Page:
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Rafia is a tech journalist currently working as a research and communications associate at Digital Rights Foundation focusing on women rights, internet governance, and digital security. She spends her weekends translating and romanizing languages.
GenderIT.org

In the response to abuse and threats that women face, are the technology big names like Facebook, Twitter and others taking tangible steps? In this article, GenderIT.org collaborator Rafia Shaikh explores the most outstanding points from a new research report developed by Rima Athar for the APC’s “End violence: Women’s rights and safety online” project on Improving Corporate Policies, which talks about specific problems and guidelines on how internet intermediaries can improve their response to VAW online.

End violence: Case studies from the Philippines

Foundation for Media Alternatives for the "End violence: Women's rights and safety online project"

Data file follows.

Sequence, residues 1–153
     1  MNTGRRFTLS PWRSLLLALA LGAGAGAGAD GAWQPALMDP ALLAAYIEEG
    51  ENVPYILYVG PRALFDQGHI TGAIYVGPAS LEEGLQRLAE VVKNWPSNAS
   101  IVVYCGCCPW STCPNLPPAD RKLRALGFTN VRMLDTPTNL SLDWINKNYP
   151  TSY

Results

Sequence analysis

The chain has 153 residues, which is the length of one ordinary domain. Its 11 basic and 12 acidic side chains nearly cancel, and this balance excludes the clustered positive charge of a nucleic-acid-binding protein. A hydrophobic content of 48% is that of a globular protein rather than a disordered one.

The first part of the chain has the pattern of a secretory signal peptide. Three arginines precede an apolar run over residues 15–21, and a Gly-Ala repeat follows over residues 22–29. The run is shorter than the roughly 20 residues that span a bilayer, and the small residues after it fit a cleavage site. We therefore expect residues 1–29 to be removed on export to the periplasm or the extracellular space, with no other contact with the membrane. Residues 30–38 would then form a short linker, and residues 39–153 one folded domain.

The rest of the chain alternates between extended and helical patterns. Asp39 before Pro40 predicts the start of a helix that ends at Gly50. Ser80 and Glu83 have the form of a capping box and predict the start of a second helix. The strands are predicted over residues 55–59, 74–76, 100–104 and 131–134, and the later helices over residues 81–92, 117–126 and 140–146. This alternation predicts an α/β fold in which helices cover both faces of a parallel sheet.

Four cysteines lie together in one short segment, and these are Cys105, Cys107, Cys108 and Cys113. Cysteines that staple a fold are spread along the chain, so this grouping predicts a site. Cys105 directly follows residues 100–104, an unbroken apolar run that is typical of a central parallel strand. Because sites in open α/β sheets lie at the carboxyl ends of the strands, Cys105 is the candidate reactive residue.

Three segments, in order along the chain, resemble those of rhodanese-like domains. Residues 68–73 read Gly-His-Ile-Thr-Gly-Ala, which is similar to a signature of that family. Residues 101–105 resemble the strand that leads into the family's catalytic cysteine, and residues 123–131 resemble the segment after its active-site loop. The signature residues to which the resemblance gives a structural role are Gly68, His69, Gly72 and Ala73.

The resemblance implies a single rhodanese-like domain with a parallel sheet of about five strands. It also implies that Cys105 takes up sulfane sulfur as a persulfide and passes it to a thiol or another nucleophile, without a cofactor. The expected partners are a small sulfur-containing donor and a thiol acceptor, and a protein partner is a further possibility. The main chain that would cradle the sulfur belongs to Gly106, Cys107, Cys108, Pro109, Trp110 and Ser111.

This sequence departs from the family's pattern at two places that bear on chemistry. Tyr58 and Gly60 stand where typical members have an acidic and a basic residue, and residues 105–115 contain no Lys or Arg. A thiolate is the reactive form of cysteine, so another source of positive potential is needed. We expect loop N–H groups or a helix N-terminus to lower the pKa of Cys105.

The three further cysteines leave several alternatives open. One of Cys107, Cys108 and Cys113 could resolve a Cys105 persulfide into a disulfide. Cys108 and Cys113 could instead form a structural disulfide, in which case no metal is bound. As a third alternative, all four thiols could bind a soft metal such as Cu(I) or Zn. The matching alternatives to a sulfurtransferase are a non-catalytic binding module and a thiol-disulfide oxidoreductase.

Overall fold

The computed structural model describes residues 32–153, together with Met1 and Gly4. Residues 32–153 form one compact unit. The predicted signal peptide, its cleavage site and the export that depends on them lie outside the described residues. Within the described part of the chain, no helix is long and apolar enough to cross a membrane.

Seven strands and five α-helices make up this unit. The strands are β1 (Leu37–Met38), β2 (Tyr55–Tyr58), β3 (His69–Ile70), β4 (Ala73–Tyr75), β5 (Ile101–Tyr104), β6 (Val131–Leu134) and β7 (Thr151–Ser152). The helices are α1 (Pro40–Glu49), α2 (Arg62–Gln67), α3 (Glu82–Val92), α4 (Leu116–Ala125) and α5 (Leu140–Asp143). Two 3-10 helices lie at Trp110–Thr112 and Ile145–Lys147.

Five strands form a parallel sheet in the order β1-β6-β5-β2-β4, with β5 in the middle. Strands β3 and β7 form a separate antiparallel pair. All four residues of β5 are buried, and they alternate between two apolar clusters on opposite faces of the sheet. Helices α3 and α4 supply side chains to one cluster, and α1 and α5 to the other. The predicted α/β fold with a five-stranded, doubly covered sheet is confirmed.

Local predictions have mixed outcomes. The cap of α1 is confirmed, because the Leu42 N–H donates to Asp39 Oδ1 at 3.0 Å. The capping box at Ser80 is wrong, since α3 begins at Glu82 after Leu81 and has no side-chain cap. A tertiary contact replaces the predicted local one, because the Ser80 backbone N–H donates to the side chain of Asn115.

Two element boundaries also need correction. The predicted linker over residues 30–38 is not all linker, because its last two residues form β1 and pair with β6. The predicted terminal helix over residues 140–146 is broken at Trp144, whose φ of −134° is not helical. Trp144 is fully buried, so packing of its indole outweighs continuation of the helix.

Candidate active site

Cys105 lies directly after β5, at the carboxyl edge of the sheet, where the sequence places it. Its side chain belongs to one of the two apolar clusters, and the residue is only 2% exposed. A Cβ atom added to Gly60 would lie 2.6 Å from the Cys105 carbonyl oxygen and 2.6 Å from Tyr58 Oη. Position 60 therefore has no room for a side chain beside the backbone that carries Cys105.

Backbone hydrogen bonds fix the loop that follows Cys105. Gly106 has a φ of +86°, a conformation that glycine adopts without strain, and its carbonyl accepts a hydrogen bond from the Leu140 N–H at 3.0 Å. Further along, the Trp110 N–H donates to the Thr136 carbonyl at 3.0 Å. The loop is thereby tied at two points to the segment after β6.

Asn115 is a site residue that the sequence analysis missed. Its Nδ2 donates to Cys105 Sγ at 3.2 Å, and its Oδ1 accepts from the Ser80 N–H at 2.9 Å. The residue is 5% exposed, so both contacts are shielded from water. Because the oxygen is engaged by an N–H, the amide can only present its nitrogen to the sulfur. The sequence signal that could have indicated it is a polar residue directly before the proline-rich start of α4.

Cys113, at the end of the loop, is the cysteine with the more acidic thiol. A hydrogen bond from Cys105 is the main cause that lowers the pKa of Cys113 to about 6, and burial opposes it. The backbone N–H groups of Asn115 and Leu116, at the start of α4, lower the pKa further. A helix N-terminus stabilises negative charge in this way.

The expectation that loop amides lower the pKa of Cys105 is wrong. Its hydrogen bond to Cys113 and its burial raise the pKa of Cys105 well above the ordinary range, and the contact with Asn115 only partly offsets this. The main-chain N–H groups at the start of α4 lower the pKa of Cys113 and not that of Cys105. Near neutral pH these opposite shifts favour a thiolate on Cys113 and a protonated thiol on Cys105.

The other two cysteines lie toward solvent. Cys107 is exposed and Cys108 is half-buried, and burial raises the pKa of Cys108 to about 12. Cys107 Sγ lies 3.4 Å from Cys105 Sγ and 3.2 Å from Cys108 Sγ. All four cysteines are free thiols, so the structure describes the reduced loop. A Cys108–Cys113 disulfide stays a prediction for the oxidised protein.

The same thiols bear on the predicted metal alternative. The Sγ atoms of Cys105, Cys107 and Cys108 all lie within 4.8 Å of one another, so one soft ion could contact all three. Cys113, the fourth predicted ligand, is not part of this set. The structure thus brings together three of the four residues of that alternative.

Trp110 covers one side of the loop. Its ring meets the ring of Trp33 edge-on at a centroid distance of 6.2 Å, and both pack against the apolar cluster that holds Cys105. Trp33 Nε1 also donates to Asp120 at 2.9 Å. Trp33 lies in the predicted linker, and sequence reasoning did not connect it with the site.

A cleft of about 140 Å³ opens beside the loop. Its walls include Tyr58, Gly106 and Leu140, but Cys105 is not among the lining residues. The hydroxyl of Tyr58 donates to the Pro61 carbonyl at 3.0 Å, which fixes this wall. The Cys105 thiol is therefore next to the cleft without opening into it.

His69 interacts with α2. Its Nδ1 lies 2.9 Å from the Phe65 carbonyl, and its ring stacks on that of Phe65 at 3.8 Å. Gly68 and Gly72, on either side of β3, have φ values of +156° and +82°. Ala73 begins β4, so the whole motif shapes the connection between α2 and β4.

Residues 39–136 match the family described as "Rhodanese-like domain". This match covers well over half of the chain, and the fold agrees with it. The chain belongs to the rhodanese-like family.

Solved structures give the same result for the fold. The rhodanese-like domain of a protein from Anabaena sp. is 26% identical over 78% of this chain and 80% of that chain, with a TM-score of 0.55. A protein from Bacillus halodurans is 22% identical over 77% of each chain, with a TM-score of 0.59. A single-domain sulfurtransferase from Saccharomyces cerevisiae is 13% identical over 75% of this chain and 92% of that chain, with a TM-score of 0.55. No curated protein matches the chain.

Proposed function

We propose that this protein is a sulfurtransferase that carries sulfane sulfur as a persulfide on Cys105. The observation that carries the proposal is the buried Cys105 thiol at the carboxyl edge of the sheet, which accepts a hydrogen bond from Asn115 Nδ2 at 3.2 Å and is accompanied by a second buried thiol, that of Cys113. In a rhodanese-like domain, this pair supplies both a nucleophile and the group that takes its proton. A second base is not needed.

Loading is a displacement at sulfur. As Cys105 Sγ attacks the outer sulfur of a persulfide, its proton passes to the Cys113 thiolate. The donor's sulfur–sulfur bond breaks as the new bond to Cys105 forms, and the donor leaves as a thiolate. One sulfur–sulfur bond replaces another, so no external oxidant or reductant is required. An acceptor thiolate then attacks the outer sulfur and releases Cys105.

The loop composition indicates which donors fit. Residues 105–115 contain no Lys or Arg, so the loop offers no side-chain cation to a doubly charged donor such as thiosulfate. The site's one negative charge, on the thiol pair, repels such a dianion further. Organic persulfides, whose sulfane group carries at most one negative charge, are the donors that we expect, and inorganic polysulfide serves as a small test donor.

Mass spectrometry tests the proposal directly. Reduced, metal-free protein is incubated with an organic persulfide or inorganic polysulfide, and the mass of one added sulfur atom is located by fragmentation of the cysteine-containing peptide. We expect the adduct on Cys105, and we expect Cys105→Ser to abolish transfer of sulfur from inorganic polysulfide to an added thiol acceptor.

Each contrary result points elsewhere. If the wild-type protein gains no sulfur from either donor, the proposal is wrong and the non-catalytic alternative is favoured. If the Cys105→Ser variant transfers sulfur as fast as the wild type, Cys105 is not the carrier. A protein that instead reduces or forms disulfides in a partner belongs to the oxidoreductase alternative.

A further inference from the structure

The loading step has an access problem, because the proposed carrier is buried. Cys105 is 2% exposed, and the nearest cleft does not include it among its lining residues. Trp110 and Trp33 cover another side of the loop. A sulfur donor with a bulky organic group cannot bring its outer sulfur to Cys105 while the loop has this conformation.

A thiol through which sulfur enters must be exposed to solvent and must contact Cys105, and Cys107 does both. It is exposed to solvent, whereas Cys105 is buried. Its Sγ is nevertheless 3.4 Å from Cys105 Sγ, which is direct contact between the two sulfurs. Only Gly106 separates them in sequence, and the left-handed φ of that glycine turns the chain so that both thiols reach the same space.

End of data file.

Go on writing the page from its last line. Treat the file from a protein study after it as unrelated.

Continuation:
Foundation for Media Alternatives for the "End violence: Women's rights and safety online project" on 22 December, 2014 - 09:44
0 comments | 192 reads

These case summaries are based on in-depth case studies mapping women’s experiences of technology-related VAW and their attempts to access justice either through domestic legal remedy or corporate grievance mechanisms. The original case studies from the Philippines were documented by country researchers from the project partner Foundation for Media Alternatives between November 2013 and April 2014 and the summaries were prepared by Richa Kaul Padte.